Shortly before Greece made global headlines again with news that the nation’s political leaders agreed on new austerity measures to contain Greece’s debt, the financially fragile cradle of Western civilization also signaled it would continue agreeing to disagree with its creditors over how much it spends on pharmaceuticals for its state-run health system while striving to control costs going forward.

The European Central Bank (ECB) this morning announced the compromise by Prime Minister Lucas Papademos and other officials, needed for Greece to obtain a €130 billion ($172 billion) debt restructuring agreement, complete with a swap that will mean a 7% loss for investors, from ECB and two other creditors, the EU and International Monetary Fund (IMF).

The accord by the three parties within Papademos’ ruling interim coalition government outlines how Greece will save €300 millionfrom defense and other unidentified areas and avert reductions to the pensions of state employees. As reported in Pharma Times, which cited local press reports, Greek Health Minister Andreas Loverdos announced the agreement to pharma industry representatives, adding one important detail: Greece will spend no less than €2.8 billion ($3.7 billion) and expects to shell out €3.1 billion ($4.1 billion).

That puts Greece at odds with its creditors ECB, EU, and IMF, collectively nicknamed “the Troika” by Greek politicians and austerity-weary citizens. The Troika wanted Greece to cut back its pharma-spending to €2.1 billion ($2.8 billion).

Even at €3.1 billion, that’s still just a substantial savings from the €5.6 billion ($7.45 billion) that Greece spent on pharmaceuticals in 2010, the year Greece was forced to embark on austerity measures. Last year, Greek spending on medicines fell nearly 27%, to €$4.1 billion ($5.5 billion), still about 8% above its target of €3.8 billion ($5 billion).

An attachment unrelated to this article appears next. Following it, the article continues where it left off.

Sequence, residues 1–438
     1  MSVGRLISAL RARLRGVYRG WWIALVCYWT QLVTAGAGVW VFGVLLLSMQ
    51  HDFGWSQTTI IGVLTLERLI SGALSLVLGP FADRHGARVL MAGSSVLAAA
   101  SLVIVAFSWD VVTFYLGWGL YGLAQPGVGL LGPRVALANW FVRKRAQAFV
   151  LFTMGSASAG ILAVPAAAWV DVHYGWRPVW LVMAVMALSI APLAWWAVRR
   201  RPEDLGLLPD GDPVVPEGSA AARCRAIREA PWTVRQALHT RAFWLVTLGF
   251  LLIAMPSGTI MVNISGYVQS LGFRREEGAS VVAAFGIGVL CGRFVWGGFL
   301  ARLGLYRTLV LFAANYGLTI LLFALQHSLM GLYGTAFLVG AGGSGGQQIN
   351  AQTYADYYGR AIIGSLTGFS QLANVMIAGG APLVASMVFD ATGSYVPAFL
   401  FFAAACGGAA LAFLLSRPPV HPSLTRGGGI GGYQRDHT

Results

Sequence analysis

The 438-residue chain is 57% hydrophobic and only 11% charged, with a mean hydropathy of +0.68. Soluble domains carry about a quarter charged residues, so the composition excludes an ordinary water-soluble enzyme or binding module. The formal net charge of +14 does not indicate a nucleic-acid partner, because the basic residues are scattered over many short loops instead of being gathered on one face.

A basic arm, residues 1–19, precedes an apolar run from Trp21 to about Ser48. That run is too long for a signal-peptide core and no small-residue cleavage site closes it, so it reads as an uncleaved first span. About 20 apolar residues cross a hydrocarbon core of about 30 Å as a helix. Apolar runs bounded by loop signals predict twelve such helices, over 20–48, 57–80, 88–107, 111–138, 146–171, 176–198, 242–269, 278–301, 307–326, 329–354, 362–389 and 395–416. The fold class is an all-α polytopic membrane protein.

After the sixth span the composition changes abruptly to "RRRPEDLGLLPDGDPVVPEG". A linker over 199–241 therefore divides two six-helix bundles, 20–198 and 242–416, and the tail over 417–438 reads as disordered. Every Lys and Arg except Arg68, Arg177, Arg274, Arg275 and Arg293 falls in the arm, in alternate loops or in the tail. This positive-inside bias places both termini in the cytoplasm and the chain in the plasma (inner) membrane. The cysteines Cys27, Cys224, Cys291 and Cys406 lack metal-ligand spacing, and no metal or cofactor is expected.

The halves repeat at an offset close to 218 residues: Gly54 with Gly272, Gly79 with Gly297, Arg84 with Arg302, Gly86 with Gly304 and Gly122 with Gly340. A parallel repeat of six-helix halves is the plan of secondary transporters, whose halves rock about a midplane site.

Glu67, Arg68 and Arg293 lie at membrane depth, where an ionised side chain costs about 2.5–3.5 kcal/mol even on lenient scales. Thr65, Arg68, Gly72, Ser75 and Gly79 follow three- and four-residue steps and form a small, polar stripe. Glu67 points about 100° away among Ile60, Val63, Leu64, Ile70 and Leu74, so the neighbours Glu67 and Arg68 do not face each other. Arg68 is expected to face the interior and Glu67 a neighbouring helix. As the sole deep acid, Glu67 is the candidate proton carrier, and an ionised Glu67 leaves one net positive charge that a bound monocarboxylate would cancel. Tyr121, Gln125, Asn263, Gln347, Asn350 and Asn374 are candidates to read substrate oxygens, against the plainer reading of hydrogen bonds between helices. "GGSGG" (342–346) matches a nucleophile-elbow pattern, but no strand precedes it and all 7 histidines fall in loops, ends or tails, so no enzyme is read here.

That likely explains why Business Monitor International (BMI) has estimated the size of Greece’s pharma market slipped 10.1% last year to €6.48 billion ($8.6 billion) from €7.2 billion ($9.6 billion) in 2010. Overall, healthcare spending dropped 5.4% to €21.64 billion ($28.8 billion) from €22.87 billion ($30.4 billion) a year earlier. 2011 marks a reduction of an earlier BMI forecast for last year’s Greek pharma market, reflecting continued deterioration of Greece’s economy.

Needing an excuse for the continued overspending on drugs, Loverdos and Greece have found one in the nation’s doctors, who he says continued to prescribe more “when they should have been prescribing less,” resulting in the cash-strapped government spending too much on medicines.

Yet perhaps mindful that it needs to show some sign of cost control, if only to convince its creditors it is doing what it should, Loverdos told Greece’s Skai TV the nation would control pharma costs henceforth through a new crackdown on doctors and how much medicine they prescribe. According to the Greek daily newspaper Kathimerini, Loverdos told Skai that some 20 doctors wrote what the government deems an inordinate amount of prescriptions. In one case a doctor wrote prescriptions totaling more than €400,000 ($531,708.44) in just three months, despite the recent introduction of a new electronic prescription program designed to cut down on waste and corruption.

“Despite the electronic prescription system, there are currently doctors who issue 100 or more prescriptions a day with more than 10 different drugs in each prescription,” Loverdo said, as quoted by Kathimerini.

Loverdos has also tried to cut its spending on pharmaceuticals by directing the new National Organization for Healthcare Provision to prescribe only generic drugs. Generic drugs account now for only 18% of the medicines prescribed in Greece, a percentage Loverdos hopes to raise in order to achieve €1 billion ($1.3 billion) in cost savings. Currently, only 18% of drugs prescribed in Greece are generic.

Another source of pharma savings Loverdo told Skai is targeting Greek citizens, who collectively each year throw out some €1 billion worth of medicines because they have expired. Next month, he said, Greece will roll out a program to collect past-date medicines, a program the country can, presumably, afford on the basis of projected savings.

If Greece needed a reminder of why it must scramble to cover drug costs, one appeared in employment figures released this week. Greek unemployment stood at 20.9% in November, with unemployment among under-25-year-olds having reached 48%.

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